Jens Wolf: To scale up negative emissions, we need to put a value on it. I think using a carbon contract or a similar regulatory instrument is the way forward to make sure investors in negative emissions have a longer period of time where they can guarantee the value of the essential product that they’re producing. It requires significant investment, but I think a number of companies are very enthusiastic about doing it as long as they can see a future for their technology.

Emma Gibbs: On our current trajectory, we are not going to hit the 2030 target for the 1.5° pathway. There are a number of reasons for that, but a lot of it has to do with a kind of chicken-and-egg problem in scaling the markets for negative emissions: there aren’t enough suppliers of negative emissions, so there isn’t really a market that’s liquid and transparent for people to be able to trade negative emissions. And there isn’t much demand because it’s difficult to engage with those markets. So, there’s not much reason to invest in it because there isn’t much demand. That’s the cycle that we need to break if we’re going to reach the gigaton scale of negative emissions that we know is going to be important to—along with reducing emissions—meet the 1.5° pathway.

Amy Ruddock: When corporates get involved in negative-emissions technologies like direct air capture, what they’re doing is helping us solve the chicken-and-egg problem. At the moment, there are plant developers who want to build plants. There is private finance that wants to go into those plants. But nobody today is paying you to take carbon dioxide out of the atmosphere—there’s no certainty of revenue stream that is needed to unlock that infrastructure investment. And then on the other hand, you have corporates looking at their net-zero strategies and seeing a supply constraint. Corporate commitments are going to continue to send those demand signals, and they’re also sending a signal to governments that they see this as important.

Shaun Fitzgerald: Current technologies alone are not going to be of sufficient magnitude to cope with the negative emissions that we’re going to need as a future society. So, we need more research, such as looking at how we remove methane from the atmosphere. All of the approaches we’ve described don’t deal with that. It may well transpire that some of the things that are deployable today may not be the answer in the longer-term.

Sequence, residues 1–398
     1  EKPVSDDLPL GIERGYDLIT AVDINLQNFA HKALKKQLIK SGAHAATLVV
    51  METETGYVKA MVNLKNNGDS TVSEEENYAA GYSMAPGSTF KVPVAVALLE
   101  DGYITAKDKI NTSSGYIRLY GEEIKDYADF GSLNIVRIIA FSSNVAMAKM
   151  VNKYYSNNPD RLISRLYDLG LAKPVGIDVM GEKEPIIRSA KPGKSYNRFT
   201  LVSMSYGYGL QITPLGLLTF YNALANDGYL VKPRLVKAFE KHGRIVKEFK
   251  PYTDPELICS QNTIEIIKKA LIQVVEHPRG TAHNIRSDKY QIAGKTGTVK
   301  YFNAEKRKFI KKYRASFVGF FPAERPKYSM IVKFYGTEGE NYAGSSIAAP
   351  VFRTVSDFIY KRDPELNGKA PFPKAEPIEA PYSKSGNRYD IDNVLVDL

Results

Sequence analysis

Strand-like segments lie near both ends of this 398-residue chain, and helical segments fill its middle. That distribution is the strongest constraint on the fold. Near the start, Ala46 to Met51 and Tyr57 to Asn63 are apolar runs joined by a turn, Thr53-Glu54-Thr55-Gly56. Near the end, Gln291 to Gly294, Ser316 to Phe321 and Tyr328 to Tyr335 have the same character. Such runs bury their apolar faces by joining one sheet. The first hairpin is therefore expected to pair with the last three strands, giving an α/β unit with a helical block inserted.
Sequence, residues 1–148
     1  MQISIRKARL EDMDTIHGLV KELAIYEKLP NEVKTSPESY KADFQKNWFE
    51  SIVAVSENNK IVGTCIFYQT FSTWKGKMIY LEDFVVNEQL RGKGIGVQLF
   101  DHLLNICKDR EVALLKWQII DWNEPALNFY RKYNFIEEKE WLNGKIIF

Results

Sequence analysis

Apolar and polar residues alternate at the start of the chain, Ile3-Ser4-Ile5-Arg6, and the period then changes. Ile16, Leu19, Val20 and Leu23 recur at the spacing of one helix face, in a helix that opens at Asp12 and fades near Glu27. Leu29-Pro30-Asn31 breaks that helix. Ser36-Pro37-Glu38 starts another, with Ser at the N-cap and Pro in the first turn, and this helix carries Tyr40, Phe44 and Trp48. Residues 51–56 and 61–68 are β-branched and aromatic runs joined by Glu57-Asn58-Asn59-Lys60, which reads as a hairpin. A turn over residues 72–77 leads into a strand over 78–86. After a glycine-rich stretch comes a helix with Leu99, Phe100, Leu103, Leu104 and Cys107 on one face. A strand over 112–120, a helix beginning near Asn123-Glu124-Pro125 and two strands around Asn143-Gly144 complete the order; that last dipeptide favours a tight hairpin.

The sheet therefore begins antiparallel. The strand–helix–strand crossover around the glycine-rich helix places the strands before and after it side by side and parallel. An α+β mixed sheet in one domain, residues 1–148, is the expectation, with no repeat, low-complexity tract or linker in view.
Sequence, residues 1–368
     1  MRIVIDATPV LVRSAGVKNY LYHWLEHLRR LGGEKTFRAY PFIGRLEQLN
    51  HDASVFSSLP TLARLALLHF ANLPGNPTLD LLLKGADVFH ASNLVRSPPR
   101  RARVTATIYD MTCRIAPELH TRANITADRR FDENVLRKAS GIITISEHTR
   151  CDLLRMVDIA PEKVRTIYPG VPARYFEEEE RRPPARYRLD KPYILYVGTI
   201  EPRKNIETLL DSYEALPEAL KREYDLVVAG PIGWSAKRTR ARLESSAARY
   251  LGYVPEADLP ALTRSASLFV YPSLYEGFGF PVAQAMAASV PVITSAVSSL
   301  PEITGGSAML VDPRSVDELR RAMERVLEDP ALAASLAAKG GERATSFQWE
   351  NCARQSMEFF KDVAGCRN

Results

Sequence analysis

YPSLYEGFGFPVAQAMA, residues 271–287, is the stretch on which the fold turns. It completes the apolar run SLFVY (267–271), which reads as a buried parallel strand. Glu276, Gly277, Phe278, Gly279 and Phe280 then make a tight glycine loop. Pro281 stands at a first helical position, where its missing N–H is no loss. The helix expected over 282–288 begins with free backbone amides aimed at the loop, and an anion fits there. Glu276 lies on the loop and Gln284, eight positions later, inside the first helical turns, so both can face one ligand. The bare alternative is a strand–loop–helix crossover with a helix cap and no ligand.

There’s also a huge amount of work that needs to be undertaken that is way beyond just development of technology—a whole research agenda. We need to think about how whatever we do regarding the development of negative-emissions technologies supports as many of the United Nations’ 17 Sustainable Development Goals as possible. So, they will include things like improving the health of mankind, trying to reduce social injustice—the big, societal factors.

What’s the case for organizations and companies to engage with negative-emissions solutions?

Emma Gibbs: In addition to neutralizing hard-to-abate emissions—both for themselves and their supply chains, which can be complicated—some companies are suggesting they would like to go even further than net zero and become carbon negative by taking out all of the carbon they’ve ever put into the atmosphere since they’ve been in operation. That is a bold commitment and can only be done through negative emissions.

Shaun Fitzgerald: All of us, all institutions, all countries have a responsibility for future generations. So, I think the first thing is to recognize that whatever we do on negative emissions, or reducing emissions in the first place, the people who are going to benefit most are going to be the next generations. And I think it’s important that we, therefore, take responsibility for the world and for future societies, because what we do now in the next five, ten years is going to have a massive impact on future generations. That’s, for me, the driving force for development of negative-emissions technologies.

About the interviewees

Amy Ruddock is the VP Europe at Carbon Engineering. Jens Price Wolf is the General Manager Europe at Enviva. Karl Smyth is Head of Bioenergy Carbon Capture & Storage (BECCS) Strategy & Engagement at Drax. Shaun Fitzgerald is Director of Research at the Centre for Climate Repair at Cambridge University. Emma Gibbs is a partner in McKinsey’s London office.